The Indian travel conundrum

This festive season made it tough for migrant workers to get home; how do we keep ticket prices in check?

The Indian travel conundrum

Who doesn’t want to be home during the festive season? The life of a migrant worker (whether white collar or blue) can get awfully lonely with familial ties striking emotional chords. Whether it’s Diwali or Chhath, Durga Puja or Pongal, thousands of migrant workers go back home every year to celebrate with their kith and kin. Especially after the pandemic, those few days with near and dear ones seem most precious. But it isn’t always an easy journey home as depicted by the numerous videos, pictures, and passenger testimonials that came out this year.

The Indian Railways, long considered the country’s lifeline connecting the length and breadth of our vast and diverse country, choked in the festive rush and received a lot of flak. Crammed trains, filthy toilets, allegations of bribe-taking lower level staff allowing people to travel without a ticket, passengers swooning due to suffocation, and even a death — that of a 30-year-old aboard an overcrowded special train to Bhagalpur (Bihar). Passengers jostling for space, travelling 30 hour-journeys packed like sardines in lavatories, repetitive stampede-like situations — those were unsavoury sights during a time of happiness and celebration.

Tumbling out were also allegations that the Indian railways have increased AC coaches while reducing general sleeper class. News reports suggest that for a while now, the Indian Railways has been replacing sleeper or second-class coaches with AC ones. Fewer general coaches would mean lesser chances of passengers getting reserved tickets and being forced to pay more for AC berths or illegally boarding AC coaches with unreserved general class tickets and crowding the existing general class coaches. The end result was pandemonium as was witnessed a few weeks ago.

Contrary to the news reports, the government has denied the reduction of non-AC coaches, stating that the standard configuration has stayed the same. The Indian Railways also said that more special trains will have plied between October 1 and December 31 this year (6,754) than last year (2,614). So what led to the mismanaged and woeful state of travel? A stunning increase in the number of passengers. Between October and mid-November, the government says that almost 36 lakh people have travelled on Indian trains, which is purportedly more than double of last year. But take a closer look at the other data from the Indian Railways — between April and October 2023, 95.3 per cent of all passengers travelled in general and non-AC sleeper coaches while only a paltry 4.7 per cent travelled in AC coaches. While it’s good business to urge passengers to cough up more for AC seats, maybe they simply can’t afford it or want to restrict expenses. If more and more people opt for non-AC travel, how does the Indian Railways plan to manage future peak travel seasons?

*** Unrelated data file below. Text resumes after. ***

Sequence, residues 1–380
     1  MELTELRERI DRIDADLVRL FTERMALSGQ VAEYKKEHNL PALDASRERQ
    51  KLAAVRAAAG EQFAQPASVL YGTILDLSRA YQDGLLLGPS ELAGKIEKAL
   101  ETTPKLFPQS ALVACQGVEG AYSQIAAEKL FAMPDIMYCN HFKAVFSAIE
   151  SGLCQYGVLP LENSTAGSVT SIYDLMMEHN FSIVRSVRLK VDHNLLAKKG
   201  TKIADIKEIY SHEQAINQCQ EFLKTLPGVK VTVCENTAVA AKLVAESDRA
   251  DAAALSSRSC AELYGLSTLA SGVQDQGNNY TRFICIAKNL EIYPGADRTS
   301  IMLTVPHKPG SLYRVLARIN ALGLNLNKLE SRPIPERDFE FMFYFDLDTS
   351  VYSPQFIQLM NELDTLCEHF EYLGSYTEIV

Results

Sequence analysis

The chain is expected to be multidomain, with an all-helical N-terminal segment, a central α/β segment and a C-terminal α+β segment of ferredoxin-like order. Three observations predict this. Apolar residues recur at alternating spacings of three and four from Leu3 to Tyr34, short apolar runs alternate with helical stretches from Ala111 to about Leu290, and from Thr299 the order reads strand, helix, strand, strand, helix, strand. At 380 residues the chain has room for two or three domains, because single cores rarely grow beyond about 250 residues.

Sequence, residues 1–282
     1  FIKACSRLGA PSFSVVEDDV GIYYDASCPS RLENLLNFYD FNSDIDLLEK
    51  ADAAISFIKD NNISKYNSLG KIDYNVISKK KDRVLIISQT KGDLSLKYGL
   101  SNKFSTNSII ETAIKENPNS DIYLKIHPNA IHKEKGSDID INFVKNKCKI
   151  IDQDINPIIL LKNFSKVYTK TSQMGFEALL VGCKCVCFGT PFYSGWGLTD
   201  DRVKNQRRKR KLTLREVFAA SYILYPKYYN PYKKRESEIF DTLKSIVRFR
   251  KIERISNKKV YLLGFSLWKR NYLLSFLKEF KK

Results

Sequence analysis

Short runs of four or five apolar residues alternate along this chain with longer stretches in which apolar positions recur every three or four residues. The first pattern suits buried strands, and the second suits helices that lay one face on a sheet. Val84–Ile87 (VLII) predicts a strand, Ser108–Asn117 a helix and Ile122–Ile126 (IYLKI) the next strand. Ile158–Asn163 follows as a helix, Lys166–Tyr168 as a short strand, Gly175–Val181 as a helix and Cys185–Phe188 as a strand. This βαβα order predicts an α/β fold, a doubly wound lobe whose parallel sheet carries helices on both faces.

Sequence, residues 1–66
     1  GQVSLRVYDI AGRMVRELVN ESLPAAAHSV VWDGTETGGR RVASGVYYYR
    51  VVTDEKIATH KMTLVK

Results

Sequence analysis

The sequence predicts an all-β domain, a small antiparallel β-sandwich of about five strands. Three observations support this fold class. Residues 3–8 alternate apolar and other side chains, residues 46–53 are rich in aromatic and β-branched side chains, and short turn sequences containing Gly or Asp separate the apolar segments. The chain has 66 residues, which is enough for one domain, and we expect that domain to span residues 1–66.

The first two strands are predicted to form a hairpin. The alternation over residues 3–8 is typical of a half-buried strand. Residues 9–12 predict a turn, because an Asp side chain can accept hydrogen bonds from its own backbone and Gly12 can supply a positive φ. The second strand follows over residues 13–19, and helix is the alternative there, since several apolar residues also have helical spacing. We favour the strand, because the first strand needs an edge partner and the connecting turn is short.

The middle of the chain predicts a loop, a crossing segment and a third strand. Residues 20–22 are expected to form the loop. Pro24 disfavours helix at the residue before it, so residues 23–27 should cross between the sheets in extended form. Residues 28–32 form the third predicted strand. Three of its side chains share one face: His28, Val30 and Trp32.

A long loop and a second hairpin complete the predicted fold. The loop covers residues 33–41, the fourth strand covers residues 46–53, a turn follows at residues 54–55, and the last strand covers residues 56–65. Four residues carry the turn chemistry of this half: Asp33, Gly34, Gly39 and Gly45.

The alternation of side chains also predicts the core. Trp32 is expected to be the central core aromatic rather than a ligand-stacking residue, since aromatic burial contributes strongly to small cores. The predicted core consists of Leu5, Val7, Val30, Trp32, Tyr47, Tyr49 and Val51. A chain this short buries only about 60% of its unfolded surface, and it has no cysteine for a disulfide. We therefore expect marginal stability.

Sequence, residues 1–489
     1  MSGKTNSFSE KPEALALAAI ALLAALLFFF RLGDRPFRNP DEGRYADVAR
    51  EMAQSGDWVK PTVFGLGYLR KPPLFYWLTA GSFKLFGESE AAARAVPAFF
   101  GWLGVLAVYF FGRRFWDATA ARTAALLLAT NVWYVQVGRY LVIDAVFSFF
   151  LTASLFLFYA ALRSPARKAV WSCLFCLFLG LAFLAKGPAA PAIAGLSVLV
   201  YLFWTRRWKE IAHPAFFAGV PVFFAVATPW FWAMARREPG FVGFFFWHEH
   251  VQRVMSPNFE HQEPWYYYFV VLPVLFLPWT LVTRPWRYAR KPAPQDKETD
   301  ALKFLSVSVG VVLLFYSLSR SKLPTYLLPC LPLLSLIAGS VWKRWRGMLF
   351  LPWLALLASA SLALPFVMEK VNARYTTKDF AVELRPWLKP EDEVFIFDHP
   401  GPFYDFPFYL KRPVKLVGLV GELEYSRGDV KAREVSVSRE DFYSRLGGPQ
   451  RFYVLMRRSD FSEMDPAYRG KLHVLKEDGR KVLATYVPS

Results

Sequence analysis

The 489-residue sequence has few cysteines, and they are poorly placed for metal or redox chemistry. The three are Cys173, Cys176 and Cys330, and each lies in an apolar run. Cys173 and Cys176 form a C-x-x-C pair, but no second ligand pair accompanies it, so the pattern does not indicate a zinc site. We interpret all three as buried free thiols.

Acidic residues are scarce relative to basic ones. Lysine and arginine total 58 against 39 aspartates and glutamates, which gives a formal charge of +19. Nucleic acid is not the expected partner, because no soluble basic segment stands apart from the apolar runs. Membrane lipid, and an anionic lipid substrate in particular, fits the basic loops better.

It’s not any better up in the skies either. Airfares skyrocketed to unfathomable heights in the Diwali week, touching almost 89 per cent on key routes. Grounded Go Air planes and fewer Spicejet flights led to increased demands for air tickets and heated prices. According to online travel portal, Ixigo, the average one-way airfare on the Delhi-Ahmedabad route for the Diwali week, for example, was 72 per cent more than last year. Similarly, other key routes witnessed a jump of anywhere between 63 per cent and 89 per cent. This was for tickets that were booked well in advance over 80 days ahead of travel. Even during lean periods, airfares have reported scalding prices. As per the study by Airports Council International (ACI) Asia-Pacific alongwith Flare Aviation Consulting, India clocked the steepest airfare rise globally — a whopping 41 per cent!

The only way to cope with the swelling volumes of passengers would be to add more special trains and perhaps even increase the number of general coaches during festivals and holidays. Opening up the booking process much in advance and gauging the likely demand could help the railways plan better. Ultimately, expanding existing capacity by manufacturing and increasing the number of trains while maintaining quality and safety checks should also be in the long-term action plan. To keep airfares in check, the aviation ministry would intermittently have to advise airlines to check their surge prices ensuring fair and ethical prices. A similar meeting in June this year had drastically reduced the spot fares. Increase in air capacity, restarting of stalled airlines would also ease pressure. At the end of the day, citizens have to be kept front and centre because not all can pay for expensive tickets, but all have a right to travel safely and with dignity. Otherwise, with fewer general seats and airfares continuing to be on fire, it will be a long, impossible way home for the common man.

The writer is an author and media entrepreneur. Views expressed are personal

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